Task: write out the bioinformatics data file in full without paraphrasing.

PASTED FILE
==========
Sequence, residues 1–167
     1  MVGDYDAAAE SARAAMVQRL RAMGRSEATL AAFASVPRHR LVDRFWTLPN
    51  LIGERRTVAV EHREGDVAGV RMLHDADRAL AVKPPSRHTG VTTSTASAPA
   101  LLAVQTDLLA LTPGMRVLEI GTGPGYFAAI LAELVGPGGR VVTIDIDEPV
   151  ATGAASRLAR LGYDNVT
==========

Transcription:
Sequence, residues 1–167
     1  MVGDYDAAAE SARAAMVQRL RAMGRSEATL AAFASVPRHR LVDRFWTLPN
    51  LIGERRTVAV EHREGDVAGV RMLHDADRAL AVKPPSRHTG VTTSTASAPA
   101  LLAVQTDLLA LTPGMRVLEI GTGPGYFAAI LAELVGPGGR VVTIDIDEPV
   151  ATGAASRLAR LGYDNVT